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Keeping non-compete agreements ethical and fair to both parties

On Behalf of | Apr 24, 2015 | Employment Litigation

Non-compete agreements are a common element to employment contracts that sometimes catch a prospective employee off guard. Is it ethical, and even legal, for a contract to state that the employee is not allowed to work in a specific field after he or she has left the company? The simple answer is that yes, non-compete agreements are a normal part of many Houston companies’ operations, and it is legal to uphold the terms of these agreements as long as they have been drafted correctly. At The Jackson Law Firm, we understand how a non-compete agreement can be beneficial to your company, as well as the proper way to word such an agreement so a former employee cannot hold it against you.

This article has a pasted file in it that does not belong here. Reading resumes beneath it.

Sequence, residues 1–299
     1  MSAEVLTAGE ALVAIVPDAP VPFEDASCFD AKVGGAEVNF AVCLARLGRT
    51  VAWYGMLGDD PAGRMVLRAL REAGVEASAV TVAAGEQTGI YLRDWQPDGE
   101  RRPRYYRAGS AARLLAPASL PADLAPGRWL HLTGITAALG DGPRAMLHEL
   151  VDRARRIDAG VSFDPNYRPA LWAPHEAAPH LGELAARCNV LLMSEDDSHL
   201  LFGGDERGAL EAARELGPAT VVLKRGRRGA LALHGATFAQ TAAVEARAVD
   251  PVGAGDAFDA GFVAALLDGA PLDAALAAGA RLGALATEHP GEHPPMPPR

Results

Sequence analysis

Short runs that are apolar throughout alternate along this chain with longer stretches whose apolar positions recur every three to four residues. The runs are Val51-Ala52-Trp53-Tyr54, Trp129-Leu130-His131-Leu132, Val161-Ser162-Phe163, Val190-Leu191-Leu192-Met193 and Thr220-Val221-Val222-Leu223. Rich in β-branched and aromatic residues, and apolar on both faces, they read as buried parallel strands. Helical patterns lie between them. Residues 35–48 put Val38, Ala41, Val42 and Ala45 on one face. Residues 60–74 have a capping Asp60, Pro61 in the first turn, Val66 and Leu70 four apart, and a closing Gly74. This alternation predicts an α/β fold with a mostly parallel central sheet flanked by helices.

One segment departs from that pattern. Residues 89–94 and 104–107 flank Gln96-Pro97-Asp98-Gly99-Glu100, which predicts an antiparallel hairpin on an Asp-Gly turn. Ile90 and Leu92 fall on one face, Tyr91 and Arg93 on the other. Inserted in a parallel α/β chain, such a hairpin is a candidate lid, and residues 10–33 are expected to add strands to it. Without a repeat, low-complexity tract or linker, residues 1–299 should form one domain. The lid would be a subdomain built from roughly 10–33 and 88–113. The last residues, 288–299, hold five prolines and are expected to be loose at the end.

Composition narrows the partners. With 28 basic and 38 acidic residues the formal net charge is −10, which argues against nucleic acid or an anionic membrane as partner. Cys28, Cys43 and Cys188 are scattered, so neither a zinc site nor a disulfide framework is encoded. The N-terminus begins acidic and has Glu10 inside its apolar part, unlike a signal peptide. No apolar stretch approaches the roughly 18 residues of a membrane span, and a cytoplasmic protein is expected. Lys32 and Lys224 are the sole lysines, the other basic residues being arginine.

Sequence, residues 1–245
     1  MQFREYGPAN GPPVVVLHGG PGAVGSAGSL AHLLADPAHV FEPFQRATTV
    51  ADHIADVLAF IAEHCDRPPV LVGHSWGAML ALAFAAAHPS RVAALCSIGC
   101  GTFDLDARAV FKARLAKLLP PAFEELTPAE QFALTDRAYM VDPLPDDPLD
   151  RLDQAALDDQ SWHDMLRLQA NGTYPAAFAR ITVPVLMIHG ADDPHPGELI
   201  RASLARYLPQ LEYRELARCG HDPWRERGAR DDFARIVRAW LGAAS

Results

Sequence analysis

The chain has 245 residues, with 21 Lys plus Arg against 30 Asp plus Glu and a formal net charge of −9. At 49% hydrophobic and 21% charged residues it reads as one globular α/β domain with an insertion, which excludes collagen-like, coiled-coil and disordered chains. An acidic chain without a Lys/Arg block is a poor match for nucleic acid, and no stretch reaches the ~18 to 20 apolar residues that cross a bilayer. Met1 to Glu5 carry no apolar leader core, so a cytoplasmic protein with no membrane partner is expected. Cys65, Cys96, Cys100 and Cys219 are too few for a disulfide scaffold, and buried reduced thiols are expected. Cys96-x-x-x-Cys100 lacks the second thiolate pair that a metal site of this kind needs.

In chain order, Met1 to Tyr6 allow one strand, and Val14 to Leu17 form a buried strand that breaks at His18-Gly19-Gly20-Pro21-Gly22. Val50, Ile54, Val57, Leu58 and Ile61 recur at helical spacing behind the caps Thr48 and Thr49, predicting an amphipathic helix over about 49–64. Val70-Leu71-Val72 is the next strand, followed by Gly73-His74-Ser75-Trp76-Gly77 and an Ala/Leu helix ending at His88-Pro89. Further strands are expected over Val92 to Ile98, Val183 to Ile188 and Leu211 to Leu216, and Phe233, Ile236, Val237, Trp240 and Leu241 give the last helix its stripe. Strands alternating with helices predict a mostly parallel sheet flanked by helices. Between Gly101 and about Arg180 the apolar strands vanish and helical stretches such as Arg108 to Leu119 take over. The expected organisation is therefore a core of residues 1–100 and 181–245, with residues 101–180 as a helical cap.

Even so, a potential employee might bristle at the idea of a non-compete agreement restricting his or her business prospects in the future. The employee might be taking the job in your company to increase experience in a field that he or she has a passion for and a desire to start up a similar business later on. Under many circumstances, this can take business away from your own company. Non-compete agreements are meant to prevent too much competition undermining your business, or to keep former employees from changing your customers’ loyalties.

It is still possible to create a non-compete contract that’s fair to both sides, states Entrepreneur. A prospective employee might be more amenable to the idea if the agreement limits the geographic area or the time period after he or she leaves your employment. For example, you could specify that your employee refrain from starting a related business in the Houston area or within two years after leaving your company. It would also be fair to specify that if the former employee started a business, he or she would be prohibited from soliciting your customers.

Properly executed non-compete agreements can protect from lawsuits. For more information on non-compete agreements in employment contracts, visit our page.


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